Irresistible: The Rise of Addictive Technology and the Business of Keeping Us Hooked
by Adam Alter.
Penguin Press, 2017 ($27; 368 pages)

Confession: I can't stop checking my e-mail. I find myself reaching for my smartphone when I am in meetings, in the car, at the gym, at the beach. This impulse is surprisingly common. Studies suggest that the average worker checks his or her e-mail 36 times every hour and that as much as 40 percent of the U.S. population may suffer from some kind of Internet-based addiction. Modern technologies come with perks—such as the ability to connect with others and search for information on the go—but they can clearly intrude on our lives, too.

In Irresistible, Alter, a marketing professor at New York University, explores the rise of tech-based addictions—how unhealthy relationships with our devices get started, how we become hooked and how we can detach. The path to dependence and the consequences, he notes, mirror what happens with drug addicts. Both kinds of addictions “activate the same brain regions, and they're fueled by some of the same basic human needs: social engagement and social support, mental stimulation, and a sense of effectiveness,” he writes.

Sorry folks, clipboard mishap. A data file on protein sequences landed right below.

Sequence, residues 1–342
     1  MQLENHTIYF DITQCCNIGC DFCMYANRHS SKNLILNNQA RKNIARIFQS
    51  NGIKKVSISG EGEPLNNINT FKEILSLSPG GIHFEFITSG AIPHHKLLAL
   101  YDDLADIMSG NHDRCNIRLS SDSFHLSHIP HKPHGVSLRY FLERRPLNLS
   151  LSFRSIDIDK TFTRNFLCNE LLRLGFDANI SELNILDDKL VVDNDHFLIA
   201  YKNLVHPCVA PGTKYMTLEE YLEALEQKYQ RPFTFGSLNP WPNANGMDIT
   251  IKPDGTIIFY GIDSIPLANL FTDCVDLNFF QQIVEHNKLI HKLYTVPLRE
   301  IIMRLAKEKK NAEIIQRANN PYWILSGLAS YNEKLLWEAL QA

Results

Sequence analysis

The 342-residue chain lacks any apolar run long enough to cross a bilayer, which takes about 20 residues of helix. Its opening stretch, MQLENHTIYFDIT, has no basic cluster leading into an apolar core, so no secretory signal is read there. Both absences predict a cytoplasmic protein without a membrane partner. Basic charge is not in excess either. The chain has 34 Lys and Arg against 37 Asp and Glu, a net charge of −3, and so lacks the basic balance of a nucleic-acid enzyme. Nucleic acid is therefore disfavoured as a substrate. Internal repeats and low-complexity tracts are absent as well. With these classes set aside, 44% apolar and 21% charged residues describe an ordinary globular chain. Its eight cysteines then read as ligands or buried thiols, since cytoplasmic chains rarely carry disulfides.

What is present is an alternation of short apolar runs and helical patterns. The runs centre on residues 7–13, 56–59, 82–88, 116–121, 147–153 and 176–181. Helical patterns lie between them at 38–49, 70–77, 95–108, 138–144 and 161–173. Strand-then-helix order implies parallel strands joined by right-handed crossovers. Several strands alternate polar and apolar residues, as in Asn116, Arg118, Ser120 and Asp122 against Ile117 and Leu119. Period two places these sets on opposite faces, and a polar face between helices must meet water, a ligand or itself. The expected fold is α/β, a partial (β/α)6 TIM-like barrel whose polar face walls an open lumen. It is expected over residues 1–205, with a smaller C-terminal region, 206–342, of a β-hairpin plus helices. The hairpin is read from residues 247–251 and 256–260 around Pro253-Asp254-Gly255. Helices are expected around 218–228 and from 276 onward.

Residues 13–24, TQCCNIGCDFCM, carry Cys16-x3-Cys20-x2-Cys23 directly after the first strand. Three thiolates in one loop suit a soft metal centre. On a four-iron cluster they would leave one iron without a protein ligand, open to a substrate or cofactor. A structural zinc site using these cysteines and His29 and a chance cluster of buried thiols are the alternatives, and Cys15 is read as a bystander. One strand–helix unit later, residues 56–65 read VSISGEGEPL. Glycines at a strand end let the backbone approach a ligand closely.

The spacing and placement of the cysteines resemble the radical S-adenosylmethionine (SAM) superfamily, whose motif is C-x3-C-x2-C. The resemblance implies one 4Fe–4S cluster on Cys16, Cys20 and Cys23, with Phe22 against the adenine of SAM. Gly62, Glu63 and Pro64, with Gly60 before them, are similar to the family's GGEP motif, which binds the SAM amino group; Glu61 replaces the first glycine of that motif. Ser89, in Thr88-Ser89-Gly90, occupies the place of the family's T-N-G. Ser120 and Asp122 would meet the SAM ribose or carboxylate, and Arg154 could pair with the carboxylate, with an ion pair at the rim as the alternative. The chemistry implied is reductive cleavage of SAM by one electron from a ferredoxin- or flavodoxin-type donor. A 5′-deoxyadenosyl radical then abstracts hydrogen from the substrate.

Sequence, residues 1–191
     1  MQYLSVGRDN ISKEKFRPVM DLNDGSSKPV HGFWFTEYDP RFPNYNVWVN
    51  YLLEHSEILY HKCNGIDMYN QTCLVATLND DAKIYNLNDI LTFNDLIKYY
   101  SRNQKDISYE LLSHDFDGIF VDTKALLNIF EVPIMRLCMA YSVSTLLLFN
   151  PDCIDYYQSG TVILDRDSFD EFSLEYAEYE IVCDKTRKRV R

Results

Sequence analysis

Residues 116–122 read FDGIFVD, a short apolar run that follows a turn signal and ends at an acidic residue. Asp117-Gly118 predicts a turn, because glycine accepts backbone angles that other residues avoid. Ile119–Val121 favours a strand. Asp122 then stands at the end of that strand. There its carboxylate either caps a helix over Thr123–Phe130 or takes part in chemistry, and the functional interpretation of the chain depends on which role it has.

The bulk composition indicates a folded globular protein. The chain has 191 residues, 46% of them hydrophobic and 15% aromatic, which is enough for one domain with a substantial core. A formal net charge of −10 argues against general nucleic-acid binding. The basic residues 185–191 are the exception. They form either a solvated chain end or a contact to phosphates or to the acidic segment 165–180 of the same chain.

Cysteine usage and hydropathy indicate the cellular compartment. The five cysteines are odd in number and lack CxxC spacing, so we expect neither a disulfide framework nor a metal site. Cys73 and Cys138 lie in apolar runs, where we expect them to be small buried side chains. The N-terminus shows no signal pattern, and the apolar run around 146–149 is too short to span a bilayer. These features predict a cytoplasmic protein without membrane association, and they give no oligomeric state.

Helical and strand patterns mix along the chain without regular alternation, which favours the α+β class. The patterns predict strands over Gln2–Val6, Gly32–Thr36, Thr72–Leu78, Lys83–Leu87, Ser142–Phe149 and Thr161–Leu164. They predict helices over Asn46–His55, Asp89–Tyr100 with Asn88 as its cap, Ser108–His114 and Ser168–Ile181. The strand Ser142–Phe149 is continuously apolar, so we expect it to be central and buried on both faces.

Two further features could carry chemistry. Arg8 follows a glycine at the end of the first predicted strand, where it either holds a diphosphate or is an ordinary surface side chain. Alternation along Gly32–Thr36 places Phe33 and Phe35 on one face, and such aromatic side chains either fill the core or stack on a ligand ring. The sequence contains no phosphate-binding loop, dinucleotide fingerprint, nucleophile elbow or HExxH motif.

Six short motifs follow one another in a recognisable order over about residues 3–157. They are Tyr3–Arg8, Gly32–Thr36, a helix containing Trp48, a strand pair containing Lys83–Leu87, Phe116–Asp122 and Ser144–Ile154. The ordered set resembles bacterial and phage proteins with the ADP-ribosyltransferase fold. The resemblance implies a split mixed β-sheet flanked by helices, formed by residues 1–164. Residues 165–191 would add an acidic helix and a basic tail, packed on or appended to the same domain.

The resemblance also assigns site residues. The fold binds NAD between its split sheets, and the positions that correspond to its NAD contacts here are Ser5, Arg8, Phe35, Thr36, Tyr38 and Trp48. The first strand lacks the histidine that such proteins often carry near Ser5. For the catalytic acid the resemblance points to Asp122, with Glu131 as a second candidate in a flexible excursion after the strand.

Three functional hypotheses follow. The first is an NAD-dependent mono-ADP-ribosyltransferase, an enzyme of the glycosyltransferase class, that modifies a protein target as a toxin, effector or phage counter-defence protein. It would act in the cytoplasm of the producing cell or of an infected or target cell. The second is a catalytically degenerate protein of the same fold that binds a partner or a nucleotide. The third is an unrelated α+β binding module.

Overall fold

Pinpointing exactly when normal tech reliance morphs into a psychological problem remains a challenge, in large part because technology is now all-pervasive in our daily lives in ways that drugs and alcohol are not. We can, and often do, carry smart devices and laptops wherever we go; we shop, date, house hunt and work at our screens. “Millions of recovering alcoholics manage to avoid bars altogether, but recovering Internet addicts are forced to use e-mail,” Alter explains.